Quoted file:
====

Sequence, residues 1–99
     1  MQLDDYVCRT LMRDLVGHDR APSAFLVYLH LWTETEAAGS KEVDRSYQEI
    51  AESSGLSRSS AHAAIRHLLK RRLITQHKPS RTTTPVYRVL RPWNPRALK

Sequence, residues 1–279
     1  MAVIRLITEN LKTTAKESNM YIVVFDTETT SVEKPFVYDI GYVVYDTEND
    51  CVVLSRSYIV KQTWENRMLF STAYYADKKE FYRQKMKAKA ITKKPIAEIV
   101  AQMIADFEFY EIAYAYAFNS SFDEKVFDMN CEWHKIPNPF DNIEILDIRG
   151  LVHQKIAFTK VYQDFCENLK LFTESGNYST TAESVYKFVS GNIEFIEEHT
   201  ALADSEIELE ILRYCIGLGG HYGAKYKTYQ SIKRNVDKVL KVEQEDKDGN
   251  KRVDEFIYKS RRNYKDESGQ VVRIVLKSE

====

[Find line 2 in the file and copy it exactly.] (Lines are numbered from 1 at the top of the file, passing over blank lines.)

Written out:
     1  MQLDDYVCRT LMRDLVGHDR APSAFLVYLH LWTETEAAGS KEVDRSYQEI